Alcaeus: Autumn

Behold! the tender Autumn flower
Is purpling on the hill,
The roses wither on the bower,
And vanished is the dill.
The morning air is keen and bright,
The afternoon is full of light,
And Hesper ushers in the night
With breezes damp and chill.

The purple harvest of the vine
Is bleeding in the press,
And Bacchus comes to taste the wine
And all our labours bless.
Then bring a golden bowl immense,
And mix enough to drown your sense,
And care not if you soon commence
Your secrets to confess.

For wine a mirror is, to show
The image that is fair,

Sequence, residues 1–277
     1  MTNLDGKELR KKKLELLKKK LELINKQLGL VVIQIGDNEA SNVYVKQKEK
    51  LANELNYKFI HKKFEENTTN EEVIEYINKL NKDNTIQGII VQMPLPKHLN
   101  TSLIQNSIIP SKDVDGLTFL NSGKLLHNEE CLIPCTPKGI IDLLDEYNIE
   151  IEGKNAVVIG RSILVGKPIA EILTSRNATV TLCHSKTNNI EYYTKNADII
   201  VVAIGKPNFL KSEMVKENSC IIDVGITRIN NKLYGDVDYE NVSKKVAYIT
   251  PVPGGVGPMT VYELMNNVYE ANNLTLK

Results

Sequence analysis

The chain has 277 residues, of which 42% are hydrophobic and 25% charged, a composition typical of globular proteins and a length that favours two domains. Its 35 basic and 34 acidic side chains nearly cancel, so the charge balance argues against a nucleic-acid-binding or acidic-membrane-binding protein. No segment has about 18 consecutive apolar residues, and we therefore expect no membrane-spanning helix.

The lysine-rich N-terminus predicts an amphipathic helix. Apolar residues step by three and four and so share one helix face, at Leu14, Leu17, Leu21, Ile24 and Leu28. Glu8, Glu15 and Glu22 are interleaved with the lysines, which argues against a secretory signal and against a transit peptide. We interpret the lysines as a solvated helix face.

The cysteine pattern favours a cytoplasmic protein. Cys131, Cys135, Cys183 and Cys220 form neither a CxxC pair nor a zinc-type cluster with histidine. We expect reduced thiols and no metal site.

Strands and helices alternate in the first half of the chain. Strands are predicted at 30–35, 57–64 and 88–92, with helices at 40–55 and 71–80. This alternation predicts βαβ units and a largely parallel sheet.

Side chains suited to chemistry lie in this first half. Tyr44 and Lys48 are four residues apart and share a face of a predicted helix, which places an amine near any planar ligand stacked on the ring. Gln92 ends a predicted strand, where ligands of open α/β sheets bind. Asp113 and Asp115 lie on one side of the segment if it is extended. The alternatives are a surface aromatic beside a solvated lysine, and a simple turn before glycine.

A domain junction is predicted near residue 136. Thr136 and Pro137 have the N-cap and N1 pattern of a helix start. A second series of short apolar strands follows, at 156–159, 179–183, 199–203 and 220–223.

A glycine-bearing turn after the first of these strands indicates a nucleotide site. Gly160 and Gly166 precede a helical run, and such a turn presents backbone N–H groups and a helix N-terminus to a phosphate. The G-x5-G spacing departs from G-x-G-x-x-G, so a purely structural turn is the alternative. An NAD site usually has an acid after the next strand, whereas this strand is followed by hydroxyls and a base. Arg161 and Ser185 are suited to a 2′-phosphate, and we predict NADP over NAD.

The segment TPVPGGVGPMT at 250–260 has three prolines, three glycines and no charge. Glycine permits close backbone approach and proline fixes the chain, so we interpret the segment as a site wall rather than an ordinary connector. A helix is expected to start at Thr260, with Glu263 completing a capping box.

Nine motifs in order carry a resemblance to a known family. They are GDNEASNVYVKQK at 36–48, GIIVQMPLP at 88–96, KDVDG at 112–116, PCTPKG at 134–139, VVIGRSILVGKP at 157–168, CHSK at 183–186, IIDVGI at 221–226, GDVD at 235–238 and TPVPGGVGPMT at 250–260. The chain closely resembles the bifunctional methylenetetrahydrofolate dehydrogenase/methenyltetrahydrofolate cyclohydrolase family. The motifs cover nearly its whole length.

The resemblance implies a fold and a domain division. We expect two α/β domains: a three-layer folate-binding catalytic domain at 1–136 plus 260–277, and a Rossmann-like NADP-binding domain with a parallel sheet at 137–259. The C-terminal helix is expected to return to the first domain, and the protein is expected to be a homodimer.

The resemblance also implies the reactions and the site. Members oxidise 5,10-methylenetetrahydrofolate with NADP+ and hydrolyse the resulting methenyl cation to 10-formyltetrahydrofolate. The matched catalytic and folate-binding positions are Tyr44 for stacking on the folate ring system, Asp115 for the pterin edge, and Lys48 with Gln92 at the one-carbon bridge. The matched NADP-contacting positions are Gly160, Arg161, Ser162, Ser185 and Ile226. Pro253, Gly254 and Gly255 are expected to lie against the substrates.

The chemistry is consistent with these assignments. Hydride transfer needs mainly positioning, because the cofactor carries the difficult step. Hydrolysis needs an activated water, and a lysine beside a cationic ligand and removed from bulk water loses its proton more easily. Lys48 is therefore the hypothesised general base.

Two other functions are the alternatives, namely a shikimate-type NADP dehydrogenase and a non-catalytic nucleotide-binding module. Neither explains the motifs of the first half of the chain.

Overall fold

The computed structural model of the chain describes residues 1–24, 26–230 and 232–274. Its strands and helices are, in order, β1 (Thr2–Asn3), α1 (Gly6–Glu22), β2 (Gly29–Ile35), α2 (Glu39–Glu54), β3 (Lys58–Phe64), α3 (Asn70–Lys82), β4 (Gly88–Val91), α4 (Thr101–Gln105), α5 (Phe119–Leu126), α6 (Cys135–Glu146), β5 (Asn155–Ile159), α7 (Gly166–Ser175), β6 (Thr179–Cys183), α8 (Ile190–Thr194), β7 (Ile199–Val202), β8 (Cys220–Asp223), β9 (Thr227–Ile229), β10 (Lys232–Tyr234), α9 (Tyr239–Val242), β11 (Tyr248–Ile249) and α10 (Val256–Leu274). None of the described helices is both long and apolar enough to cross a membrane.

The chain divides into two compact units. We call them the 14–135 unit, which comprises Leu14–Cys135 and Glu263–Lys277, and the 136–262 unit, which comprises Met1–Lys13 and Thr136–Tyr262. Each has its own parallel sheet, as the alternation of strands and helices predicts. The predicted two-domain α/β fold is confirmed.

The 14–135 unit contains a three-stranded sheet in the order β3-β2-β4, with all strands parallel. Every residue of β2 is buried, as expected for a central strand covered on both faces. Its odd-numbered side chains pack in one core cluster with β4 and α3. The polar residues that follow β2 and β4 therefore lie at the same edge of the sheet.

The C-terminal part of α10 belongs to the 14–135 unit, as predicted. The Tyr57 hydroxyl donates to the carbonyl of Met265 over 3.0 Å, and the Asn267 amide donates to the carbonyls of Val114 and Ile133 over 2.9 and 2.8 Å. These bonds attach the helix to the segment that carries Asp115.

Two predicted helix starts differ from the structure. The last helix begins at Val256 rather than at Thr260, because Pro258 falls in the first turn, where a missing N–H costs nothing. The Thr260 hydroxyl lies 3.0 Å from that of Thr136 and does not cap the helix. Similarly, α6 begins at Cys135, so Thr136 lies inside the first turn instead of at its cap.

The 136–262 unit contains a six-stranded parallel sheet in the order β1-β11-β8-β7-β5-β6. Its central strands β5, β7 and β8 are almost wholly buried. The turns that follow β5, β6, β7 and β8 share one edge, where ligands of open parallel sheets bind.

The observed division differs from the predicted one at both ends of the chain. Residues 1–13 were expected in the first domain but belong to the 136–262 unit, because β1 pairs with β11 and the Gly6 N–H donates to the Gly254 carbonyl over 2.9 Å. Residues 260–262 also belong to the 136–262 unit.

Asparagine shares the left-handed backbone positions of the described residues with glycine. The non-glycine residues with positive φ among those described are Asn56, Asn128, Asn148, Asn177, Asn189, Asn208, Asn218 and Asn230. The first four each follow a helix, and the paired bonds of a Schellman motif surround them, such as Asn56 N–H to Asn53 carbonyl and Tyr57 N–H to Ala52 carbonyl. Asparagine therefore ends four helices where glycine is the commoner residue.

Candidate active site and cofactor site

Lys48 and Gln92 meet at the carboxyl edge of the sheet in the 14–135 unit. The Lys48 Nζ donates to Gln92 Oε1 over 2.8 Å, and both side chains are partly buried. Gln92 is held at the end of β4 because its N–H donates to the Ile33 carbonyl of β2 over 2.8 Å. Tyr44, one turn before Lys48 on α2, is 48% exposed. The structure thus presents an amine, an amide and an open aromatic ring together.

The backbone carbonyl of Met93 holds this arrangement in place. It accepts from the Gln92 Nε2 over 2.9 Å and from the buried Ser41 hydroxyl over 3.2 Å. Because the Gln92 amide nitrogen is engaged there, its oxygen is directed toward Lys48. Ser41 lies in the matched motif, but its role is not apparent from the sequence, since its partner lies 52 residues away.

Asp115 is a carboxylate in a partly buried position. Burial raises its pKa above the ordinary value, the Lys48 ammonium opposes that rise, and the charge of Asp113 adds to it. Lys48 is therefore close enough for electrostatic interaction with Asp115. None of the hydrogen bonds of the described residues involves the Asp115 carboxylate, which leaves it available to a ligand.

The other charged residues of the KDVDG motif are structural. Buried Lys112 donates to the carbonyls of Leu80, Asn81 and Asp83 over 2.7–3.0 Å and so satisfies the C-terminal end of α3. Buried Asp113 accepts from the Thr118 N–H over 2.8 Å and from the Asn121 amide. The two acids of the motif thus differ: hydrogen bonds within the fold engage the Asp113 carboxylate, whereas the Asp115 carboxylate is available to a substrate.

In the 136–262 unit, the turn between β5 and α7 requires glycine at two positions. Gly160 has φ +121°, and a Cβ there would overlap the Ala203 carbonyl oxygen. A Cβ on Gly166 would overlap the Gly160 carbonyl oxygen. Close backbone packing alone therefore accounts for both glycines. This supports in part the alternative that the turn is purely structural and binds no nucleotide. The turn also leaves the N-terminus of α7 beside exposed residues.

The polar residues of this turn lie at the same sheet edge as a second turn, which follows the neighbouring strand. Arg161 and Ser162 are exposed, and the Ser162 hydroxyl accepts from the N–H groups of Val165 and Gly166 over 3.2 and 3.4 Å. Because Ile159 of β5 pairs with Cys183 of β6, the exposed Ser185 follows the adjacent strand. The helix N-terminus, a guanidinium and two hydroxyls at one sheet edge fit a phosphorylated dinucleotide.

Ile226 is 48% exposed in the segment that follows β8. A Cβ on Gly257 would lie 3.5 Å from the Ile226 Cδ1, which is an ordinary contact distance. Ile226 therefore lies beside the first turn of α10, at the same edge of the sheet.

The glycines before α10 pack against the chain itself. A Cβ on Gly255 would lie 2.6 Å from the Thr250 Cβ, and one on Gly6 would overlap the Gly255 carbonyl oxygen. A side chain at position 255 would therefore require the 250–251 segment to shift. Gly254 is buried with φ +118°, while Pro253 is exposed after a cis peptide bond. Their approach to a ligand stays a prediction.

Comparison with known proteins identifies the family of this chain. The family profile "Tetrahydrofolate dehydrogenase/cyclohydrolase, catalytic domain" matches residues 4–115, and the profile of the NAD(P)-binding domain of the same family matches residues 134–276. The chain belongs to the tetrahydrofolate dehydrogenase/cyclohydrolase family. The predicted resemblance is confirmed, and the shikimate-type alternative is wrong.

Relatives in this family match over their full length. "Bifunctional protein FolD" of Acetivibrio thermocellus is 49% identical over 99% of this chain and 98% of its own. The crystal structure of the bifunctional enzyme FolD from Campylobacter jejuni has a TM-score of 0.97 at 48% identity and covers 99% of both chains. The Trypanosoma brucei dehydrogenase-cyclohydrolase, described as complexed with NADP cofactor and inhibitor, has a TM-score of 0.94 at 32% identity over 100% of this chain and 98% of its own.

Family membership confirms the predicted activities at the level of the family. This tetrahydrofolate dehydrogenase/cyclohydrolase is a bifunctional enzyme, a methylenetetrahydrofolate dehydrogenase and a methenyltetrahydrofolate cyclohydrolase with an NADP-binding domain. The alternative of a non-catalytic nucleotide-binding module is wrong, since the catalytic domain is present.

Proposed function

The friend of lightsome mirth, the foe
Of shadow-haunting care.
So fill your Teian goblet up,
And scatter jewels from the cup,
And drink until the last hiccough
Shall drown your latest woe.

Translation by James S. Easby-Smith.

Alcaeus: The Storm

JOVE descends in sleet and snow,
Howls the vexed and angry deep;
Every storm forgets to flow,
Bound in winter’s icy sleep,
Ocean wave and forest hoar
To the blast responsive roar.

Drive the tempest from your door,
Blaze on blaze your hearthstone piling,
And unmeasured goblets pour
Brimful, high with nectar smiling.
Then, beneath your poet’s head
Be a downy pillow spread.

Translated by John Herman Merivale (1779–1844).

Alcaeus: Spring

I FEEL the coming of the flowery Spring,
Wakening tree and vine;
A bowl capacious quickly bring
And mix the honeyed wine.

Weave for my throat a garland of fresh dill,
And crown my head with flowers,
And o’er my breast sweet perfumes spill
In aromatic showers.

Translation by James S. Easby-Smith, published 1901.